While the world is going crazy these days we continue to march in full strength towards the next UDisks release. It’s still a couple of weeks away and there are some interesting features still pending to be merged. With all the changes we’re bound with the promise to keep the public D-Bus and C API stable and that won’t change even that there were major changes under the hood. Overall we’ve been focusing on general stability and predictability, fixing various race conditions. But we’ve also added a couple of new interesting features.
Configurable mount options
UDisks carries a set of predefined mount options for well-known filesystems. With the primary focus on desktop use the defaults were chosen to fit typical use cases. For example the
vfat filesystem defaults define the
flush mount option being a typical filesystem for removable flash media and it’s important to make write operations more synchronous to prevent users tearing their drives out while kernel still writing back the cached data. Such defaults may not suit everyone and users were asking for a way to change that. We’ve even been receiving contradicting merge requests to add or remove certain mount option. Some users on public forums even suggested modifying the
udisksd binary how ridiculous may that sound.
There were couple of patches and suggestions in the past that served as a valuable feedback. At the end we decided to combine the best ideas and allow redefining mount options by the config file and from
udev rules as each approach has specific use cases. Each way has a defined priority so e.g.
udev rules would cover the config file definitions. As redefining and allowing certain mount options may have severe security implications, only a sysadmin owned global config file in
udev rules are considered. Redefining mount options may serve either for lockdown purposes or for a more liberal environment.
Comprehensive documentation will be provided along the API docs as this is pretty complex topic. Just a glimpse of how the current config file syntax currently looks like:
[defaults] allow=exec,noexec,nodev,nosuid,atime,noatime,nodiratime,ro,rw,sync,dirsync,noload vfat_defaults=uid=$UID,gid=$GID,shortname=mixed,utf8=1,showexec,flush vfat_allow=uid=$UID,gid=$GID,flush,utf8,shortname,umask,dmask,fmask,codepage,iocharset # common options for both the native kernel driver and exfat-fuse exfat_defaults=uid=$UID,gid=$GID,iocharset=utf8,errors=remount-ro exfat_allow=uid=$UID,gid=$GID,dmask,errors,fmask,iocharset,namecase,umask ntfs_defaults=uid=$UID,gid=$GID,windows_names ntfs_allow=uid=$UID,gid=$GID,umask,dmask,fmask,locale,norecover,ignore_case,windows_names ...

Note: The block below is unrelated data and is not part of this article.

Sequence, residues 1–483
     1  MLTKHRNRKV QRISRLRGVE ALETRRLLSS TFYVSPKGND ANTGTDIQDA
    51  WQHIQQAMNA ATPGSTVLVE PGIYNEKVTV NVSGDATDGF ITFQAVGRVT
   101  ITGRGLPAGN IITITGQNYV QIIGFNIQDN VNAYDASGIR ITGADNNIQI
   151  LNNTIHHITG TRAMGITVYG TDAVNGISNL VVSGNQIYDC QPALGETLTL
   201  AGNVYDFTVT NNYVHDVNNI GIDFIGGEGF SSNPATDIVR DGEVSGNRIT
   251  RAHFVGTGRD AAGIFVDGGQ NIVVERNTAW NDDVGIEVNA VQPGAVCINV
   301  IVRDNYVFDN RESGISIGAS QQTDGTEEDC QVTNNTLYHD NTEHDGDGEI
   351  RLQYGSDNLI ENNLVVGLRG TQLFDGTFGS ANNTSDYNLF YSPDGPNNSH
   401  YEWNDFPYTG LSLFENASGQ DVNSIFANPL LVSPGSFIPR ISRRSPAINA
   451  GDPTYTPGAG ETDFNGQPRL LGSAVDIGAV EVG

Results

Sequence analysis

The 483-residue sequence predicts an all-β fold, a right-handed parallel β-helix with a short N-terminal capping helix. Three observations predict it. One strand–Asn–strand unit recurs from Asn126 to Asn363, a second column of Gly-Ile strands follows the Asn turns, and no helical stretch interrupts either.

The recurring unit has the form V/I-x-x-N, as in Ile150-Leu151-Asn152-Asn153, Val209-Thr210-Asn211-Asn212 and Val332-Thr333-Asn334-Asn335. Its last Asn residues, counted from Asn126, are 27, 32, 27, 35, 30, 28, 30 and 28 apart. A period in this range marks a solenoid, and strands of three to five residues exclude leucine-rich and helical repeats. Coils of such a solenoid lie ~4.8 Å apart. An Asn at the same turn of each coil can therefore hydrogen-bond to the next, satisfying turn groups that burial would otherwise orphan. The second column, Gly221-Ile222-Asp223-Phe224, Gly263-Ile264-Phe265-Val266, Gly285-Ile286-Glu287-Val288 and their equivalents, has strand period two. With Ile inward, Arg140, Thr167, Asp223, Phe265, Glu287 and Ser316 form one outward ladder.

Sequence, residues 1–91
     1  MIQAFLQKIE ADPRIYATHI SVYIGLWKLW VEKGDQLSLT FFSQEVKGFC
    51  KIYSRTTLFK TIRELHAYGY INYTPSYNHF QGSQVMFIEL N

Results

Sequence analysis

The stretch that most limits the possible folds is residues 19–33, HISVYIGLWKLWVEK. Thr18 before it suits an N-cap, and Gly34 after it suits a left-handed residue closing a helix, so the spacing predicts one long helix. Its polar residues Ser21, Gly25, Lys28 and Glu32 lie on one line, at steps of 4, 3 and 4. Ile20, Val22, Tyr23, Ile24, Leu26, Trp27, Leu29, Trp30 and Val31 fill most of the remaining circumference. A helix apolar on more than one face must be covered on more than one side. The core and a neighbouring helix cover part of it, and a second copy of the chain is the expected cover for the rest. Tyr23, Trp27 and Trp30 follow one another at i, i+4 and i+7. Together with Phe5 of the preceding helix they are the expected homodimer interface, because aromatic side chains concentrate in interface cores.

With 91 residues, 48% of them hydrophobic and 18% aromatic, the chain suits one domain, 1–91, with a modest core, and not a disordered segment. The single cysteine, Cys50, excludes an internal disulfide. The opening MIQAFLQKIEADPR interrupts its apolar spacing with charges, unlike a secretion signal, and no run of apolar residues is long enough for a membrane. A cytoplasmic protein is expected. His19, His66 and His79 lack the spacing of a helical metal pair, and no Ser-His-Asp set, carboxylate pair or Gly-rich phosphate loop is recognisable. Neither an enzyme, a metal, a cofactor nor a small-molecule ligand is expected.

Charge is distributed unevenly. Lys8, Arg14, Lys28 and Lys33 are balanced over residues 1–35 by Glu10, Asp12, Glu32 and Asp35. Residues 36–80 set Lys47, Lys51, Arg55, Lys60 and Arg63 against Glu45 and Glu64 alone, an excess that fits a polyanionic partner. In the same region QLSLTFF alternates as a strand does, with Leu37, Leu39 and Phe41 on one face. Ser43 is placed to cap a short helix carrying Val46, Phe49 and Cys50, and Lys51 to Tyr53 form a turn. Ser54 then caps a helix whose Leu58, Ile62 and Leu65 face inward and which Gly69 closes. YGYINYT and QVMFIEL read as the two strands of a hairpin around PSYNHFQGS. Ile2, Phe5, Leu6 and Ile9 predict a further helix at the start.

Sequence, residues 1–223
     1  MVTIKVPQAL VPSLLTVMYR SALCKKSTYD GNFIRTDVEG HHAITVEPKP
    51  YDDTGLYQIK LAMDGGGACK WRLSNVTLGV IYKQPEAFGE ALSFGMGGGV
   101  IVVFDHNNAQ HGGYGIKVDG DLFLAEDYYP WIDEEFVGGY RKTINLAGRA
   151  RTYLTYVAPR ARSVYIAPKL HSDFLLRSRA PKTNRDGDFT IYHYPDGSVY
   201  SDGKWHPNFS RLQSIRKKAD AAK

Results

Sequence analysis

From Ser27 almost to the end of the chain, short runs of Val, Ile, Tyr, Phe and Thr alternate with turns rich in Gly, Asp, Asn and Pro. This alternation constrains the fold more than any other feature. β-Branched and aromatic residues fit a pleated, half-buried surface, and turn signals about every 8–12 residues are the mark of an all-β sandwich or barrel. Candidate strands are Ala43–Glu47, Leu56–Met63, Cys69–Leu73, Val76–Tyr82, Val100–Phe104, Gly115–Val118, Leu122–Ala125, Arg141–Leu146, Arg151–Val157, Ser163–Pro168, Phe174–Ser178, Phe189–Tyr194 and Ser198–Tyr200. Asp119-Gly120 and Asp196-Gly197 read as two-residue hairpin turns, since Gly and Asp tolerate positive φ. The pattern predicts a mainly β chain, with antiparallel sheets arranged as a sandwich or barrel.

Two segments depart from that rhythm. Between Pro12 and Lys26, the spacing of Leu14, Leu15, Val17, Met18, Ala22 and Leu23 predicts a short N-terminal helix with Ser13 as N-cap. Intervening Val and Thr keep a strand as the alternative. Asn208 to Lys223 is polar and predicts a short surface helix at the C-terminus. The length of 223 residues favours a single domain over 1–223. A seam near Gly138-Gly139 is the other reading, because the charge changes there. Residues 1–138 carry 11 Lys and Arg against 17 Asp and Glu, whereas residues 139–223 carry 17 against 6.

D-Bus object properties updates
The reach of UDisks has evolved in recent years from being a simple automounter backend to a complete stateful storage management API. UDisks has gained internal modularity for non-standard storage technologies (more on that in upcoming blog posts!) and is more often used in scripts. Historically the design and intended use was mostly asynchronous where clients were supposed to hook up on D-Bus signals and just update the GUI afterwards. Properties on D-Bus objects were updated usually as a result of incoming
uevent, often significantly later after a method call returned. That caused race conditions on client side that expected all D-Bus properties being up-to-date once a method call returns.
We embraced the work done by Peter Rajnoha on synthetic uevent tagging that’s available since Linux kernel 4.13.0. When we expect properties being updated as a result of native
uevent we queue a synthetic one with a tag and we wait until it’s received. The
uevent queue is more or less serialized and this makes sure the queue is fully processed before the tag. This allows us to hold on returning from a method call and let the objects be updated with fresh data from
udev. When running UDisks on older Linux kernels the new measure has no effect and works just like before.
This however brings a change the clients may observe – the D-Bus property change notifications are fired earlier. I’m not sure there was any (API stability) guarantee with regards to D-Bus properties anywhere, this might however need attention in your application.
VDO (Virtual Data Optimizer)
While you might not be aware of what VDO is or does as the
kvdo kernel module still hasn’t been upstreamed and adopted by major distributions, UDisks 2.8.0 brought a basic
vdo module that runs on top of standalone
vdo-manager commands. There were a couple of design shortcomings leading from VDO limitations itself and together with little to no adoption of this module and recent integration of
dm-vdo in LVM a decision has been made to prefer the new
lvmvdo integration coming in UDisks 2.9.0 and deprecate the standalone
vdo module instead.
All this work is based on
libblockdev support in case a stateless API fits you more.
There are even more changes queued for the 2.9.0 release, stay tuned for upcoming articles about UDisks, the API and practical use cases!